The next day was the complete opposite. We went to visit our Fon friends in their village and upon entering the area felt a huge sense of openness and freedom. Nothing bad would happen to day with these people. They accumulate slowly. First the instruments come out. Weathered and bowl-shaped calabashes including a large bottle shaped one, some gankogui (bells) and water buckets. When put upside down in the water, the calabashes give a warm, mellow sound when struck and the large one has deep bass voice that cuts through the rest. On top of this the bells have a conversation which even though simple, can easily lose you. A small bird-like whistle chirps in periodically over the chorus of voices and the cream of the whole thing is the dancing. I don’t think I have seen people dance like this before. It is the women who have the moves here. It seems as if the different parts of their bodies are independent of each other yet connected!! The feet move in three while the torso is in two or vice-versa. Or all as one unit which shakes wonderfully to the music across the earth from one end of the group to the other. An audio-visual treat if there ever was one. When we finish an hour later, addresses, pleasantries and gifts are exchanged and we implore each other to stay in touch this time. Best of all though, is that the fellow in charge, Kodjo, has two extra large gourds he can sell to me at a very reasonable price. Being a rarity in Canada, and even in Ghana/Togo at this time of year, I gladly buy them from him and cradle them like children all the way back to Ghana.

I returned to Togo a couple of days later to attend a wedding more like a court case with a judge who told jokes, gave lessons in morality and ridiculed people…very strange. I crossed the border on the now bad advice of a Togolese immigration official who said that although my visa expires tonight, I should have no problem returning tomorrow. Well, problem there was. Trying to leave Togo the next day was a bit of an ordeal. The man in charge said the visa was expired meaning I’d have to go back to the city, wait till the next day (Monday), get a new visa, then return the following day and leave for Ghana. A great expense it would be in both time and money and peace of mind. I felt like just running to Ghana as it was less than 50 feet away but perhaps that would not be the best idea for all parties involved. After more pleading, some hidden insults from the man and thoughts of what to do, I decided to find another official who promptly agreed to give me the exit stamp for half the price of what it would have cost me “officially”. I won’t be returning to Togo anytime soon. My ears always bring me to interesting things. One day at a bus station, I am intrigued by some music that sounds foreign to these parts yet familiar as well. Following the sound a friend I recognize takes me to the place….a funeral, or at least the last day of a 3 day funeral. Many of the bereaved are actually from Benin and Togo and they have invited some musicians from Benin. To me it seems they may have been performing through the night up till midday. All the musicians’ eyes have that glaze of sleep deprivation and intoxication…but no shortage of energy. The music is unique. Two very low pitched drums played with hands have a conversation while another tension type of talking drum is played by the one who brings the dancers to life. It ebbs and flows as single dancers make their way to the fore. Once there, they seem to behave as if possessed (though I know they are not) but give off that vibration. Children become afraid while others laugh. It is powerful all the same. Then with a cutting slap from one of the drummers, the energy kicks up a notch as does the volume and the dancer hovers low to the ground, knees bent and kicking while his arms sway gracefully and slowly as if he is weaving something and spinning at the same time. It is beautiful. This fellow ends and another comes forward. He gives off the same vibe but then he grabs a woven sleeping mat and wraps himself in it and dances…shaking, nodding and spinning in time. It is quite striking as it seems as if the mat has actually come to life and is greeting everyone and enjoying the music. The whole thing seemed to be a cross between a vodu ceremony and a circus. Of course, I had no camera with me as I hadn’t planned on seeing this. The best things usually don’t get captured anyhow.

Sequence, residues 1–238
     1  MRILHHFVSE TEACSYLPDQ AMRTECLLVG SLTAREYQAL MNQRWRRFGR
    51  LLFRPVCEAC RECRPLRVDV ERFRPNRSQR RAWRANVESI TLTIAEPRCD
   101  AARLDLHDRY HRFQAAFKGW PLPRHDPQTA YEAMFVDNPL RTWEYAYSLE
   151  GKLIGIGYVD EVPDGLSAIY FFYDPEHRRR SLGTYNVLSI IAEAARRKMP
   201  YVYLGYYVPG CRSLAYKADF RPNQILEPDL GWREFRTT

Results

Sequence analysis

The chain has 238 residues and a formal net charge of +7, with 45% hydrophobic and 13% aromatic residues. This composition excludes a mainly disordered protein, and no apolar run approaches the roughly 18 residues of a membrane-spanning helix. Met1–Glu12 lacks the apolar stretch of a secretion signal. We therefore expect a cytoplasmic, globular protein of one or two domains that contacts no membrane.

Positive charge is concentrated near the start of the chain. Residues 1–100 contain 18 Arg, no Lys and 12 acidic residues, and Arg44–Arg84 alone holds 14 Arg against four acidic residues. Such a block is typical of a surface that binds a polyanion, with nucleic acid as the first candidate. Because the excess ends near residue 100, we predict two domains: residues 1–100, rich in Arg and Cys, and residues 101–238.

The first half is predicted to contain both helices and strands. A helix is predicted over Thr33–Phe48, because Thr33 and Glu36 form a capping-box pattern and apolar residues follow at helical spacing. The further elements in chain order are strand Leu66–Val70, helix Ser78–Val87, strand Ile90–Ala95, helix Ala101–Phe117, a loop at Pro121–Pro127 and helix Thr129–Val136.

My life seems to have taken on a routine of some sort, or at least is being composed of some key elements. They include: drums, dance, song, moonshine, lots of cornflour in many forms, the same of palm oil, waiting, rituals in the day or through the night, sweat, mosquito repellent, funerals, long, dusty and sweltering walks and many other things in no particular order of importance. It is all good though…I wouldn’t have it any other way.

The last few weeks, like the ones before them, have been full and enriching and at times trying. I can only relay so much and some things I can’t relay at all.

So I’ll stop now.


APRIL 28, 2007
MAY 20, 2002